P is for ...

Quantum mechanics is a probabilistic theory: it does not give definite answers, but only the probability that an experiment will come up with a particular answer. This was the source of Einstein’s objection that God “does not play dice” with the universe.

I is for ...

Some of the strangest characteristics of quantum theory can be demonstrated by firing a photon into an interferometer

Z is for ...
Zero-point energy

Even at absolute zero, the lowest temperature possible, nothing has zero energy. In these conditions, particles and fields are in their lowest energy state, with an energy proportional to Planck’s constant.

C is for ...

The most precise clocks we have are atomic clocks which are powered by quantum mechanics. Besides keeping time, they can also let your smartphone know where you are.

Q is for ...

One quantum bit of information is known as a qubit (pronounced Q-bit). The ability of quantum particles to exist in many different states at once means a single quantum object can represent multiple qubits at once, opening up the possibility of extremely fast information processing.

H is for ...
Hawking Radiation

In 1975, Stephen Hawking showed that the principles of quantum mechanics would mean that a black hole emits a slow stream of particles and would eventually evaporate.

G is for ...

These elementary particles hold together the quarks that lie at the heart of matter.

D is for ...

Albert Einstein decided quantum theory couldn’t be right because its reliance on probability means everything is a result of chance. “God doesn’t play dice with the world,” he said.

W is for ...
Wave-particle duality

It is possible to describe an atom, an electron, or a photon as either a wave or a particle. In reality, they are both: a wave and a particle.

H is for ...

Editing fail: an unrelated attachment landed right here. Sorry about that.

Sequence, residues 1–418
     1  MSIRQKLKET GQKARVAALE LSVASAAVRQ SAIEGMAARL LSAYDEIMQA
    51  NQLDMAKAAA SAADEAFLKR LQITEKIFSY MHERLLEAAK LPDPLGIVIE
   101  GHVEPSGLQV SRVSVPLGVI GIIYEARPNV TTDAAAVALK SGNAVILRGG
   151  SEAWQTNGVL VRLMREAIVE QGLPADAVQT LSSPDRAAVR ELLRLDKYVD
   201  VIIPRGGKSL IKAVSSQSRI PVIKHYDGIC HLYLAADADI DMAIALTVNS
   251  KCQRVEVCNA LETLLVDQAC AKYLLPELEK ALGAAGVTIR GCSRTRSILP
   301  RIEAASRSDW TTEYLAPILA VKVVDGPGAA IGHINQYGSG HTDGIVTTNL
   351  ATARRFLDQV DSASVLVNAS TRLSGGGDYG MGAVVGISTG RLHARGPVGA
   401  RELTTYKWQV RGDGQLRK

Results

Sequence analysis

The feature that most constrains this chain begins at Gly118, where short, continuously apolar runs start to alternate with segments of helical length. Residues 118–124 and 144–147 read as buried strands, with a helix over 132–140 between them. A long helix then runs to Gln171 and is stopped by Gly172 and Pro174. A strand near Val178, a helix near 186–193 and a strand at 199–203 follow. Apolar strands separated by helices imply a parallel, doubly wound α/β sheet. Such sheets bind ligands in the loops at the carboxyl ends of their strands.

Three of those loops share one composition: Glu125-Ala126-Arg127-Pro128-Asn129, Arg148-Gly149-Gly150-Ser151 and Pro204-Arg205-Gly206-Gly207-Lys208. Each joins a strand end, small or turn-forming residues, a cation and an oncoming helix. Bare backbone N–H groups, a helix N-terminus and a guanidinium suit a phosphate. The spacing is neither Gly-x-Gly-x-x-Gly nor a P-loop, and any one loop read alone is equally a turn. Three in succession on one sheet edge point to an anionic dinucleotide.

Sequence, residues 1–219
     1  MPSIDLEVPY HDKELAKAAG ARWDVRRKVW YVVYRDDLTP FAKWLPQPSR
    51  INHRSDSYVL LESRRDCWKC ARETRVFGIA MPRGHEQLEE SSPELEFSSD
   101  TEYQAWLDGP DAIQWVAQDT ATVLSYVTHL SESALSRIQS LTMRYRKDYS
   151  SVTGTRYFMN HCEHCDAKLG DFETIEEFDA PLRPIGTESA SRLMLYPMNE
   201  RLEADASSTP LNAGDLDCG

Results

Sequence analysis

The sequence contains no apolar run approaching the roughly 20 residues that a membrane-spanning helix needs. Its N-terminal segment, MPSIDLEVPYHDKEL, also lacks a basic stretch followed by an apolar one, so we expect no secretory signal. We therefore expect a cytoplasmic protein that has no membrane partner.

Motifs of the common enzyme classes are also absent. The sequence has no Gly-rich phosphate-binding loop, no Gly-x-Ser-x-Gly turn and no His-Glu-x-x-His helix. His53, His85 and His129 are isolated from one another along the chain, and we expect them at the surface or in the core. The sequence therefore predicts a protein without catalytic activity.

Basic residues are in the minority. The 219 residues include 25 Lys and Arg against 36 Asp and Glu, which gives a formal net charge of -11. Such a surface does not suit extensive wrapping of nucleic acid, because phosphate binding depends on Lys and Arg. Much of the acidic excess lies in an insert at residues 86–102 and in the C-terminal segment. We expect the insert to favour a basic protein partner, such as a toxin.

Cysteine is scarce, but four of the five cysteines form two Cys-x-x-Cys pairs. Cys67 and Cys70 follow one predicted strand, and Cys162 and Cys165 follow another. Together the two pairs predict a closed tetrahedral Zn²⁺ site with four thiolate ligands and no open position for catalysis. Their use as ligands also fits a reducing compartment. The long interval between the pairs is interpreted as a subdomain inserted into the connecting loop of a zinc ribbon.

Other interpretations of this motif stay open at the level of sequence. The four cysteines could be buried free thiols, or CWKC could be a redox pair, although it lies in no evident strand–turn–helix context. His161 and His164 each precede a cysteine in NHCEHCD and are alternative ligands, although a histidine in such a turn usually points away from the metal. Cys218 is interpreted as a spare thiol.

Hidden Variables

One school of thought says that the strangeness of quantum theory can be put down to a lack of information; if we could find the “hidden variables” the mysteries would all go away.

A is for ...
Act of observation

Some people believe this changes everything in the quantum world, even bringing things into existence.

E is for ...

When two quantum objects interact, the information they contain becomes shared. This can result in a kind of link between them, where an action performed on one will affect the outcome of an action performed on the other. This “entanglement” applies even if the two particles are half a universe apart.

K is for ...

These are particles that carry a quantum property called strangeness. Some fundamental particles have the property known as charm!

S is for ...

Researchers are harnessing the intricacies of quantum mechanics to develop powerful quantum sensors. These sensors could open up a wide range of applications.

U is for ...

To many researchers, the universe behaves like a gigantic quantum computer that is busy processing all the information it contains.

W is for ...

The mathematics of quantum theory associates each quantum object with a wavefunction that appears in the Schrödinger equation and gives the probability of finding it in any given state.

B is for ...
Bell's Theorem

In 1964, John Bell came up with a way of testing whether quantum theory was a true reflection of reality. In 1982, the results came in – and the world has never been the same since!

J is for ...
Josephson Junction

This is a narrow constriction in a ring of superconductor. Current can only move around the ring because of quantum laws; the apparatus provides a neat way to investigate the properties of quantum mechanics and is a technology to build qubits for quantum computers.

S is for ...

Quantum objects can exist in two or more states at once: an electron in superposition, for example, can simultaneously move clockwise and anticlockwise around a ring-shaped conductor.

K is for ...

Quantum Key Distribution (QKD) is a way to create secure cryptographic keys, allowing for more secure communication.

U is for ...
Uncertainty Principle

One of the most famous ideas in science, this declares that it is impossible to know all the physical attributes of a quantum particle or system simultaneously.

I is for ...

Many researchers working in quantum theory believe that information is the most fundamental building block of reality.

Y is for ...
Young's Double Slit Experiment

In 1801, Thomas Young proved light was a wave, and overthrew Newton’s idea that light was a “corpuscle”.

F is for ...
Free Will

Ideas at the heart of quantum theory, to do with randomness and the character of the molecules that make up the physical matter of our brains, lead some researchers to suggest humans can’t have free will.

Q is for ...
Quantum biology

A new and growing field that explores whether many biological processes depend on uniquely quantum processes to work. Under particular scrutiny at the moment are photosynthesis, smell and the navigation of migratory birds.

M is for ...

Quantum physics is the study of nature at the very small. Mathematics is one language used to formalise or describe quantum phenomena.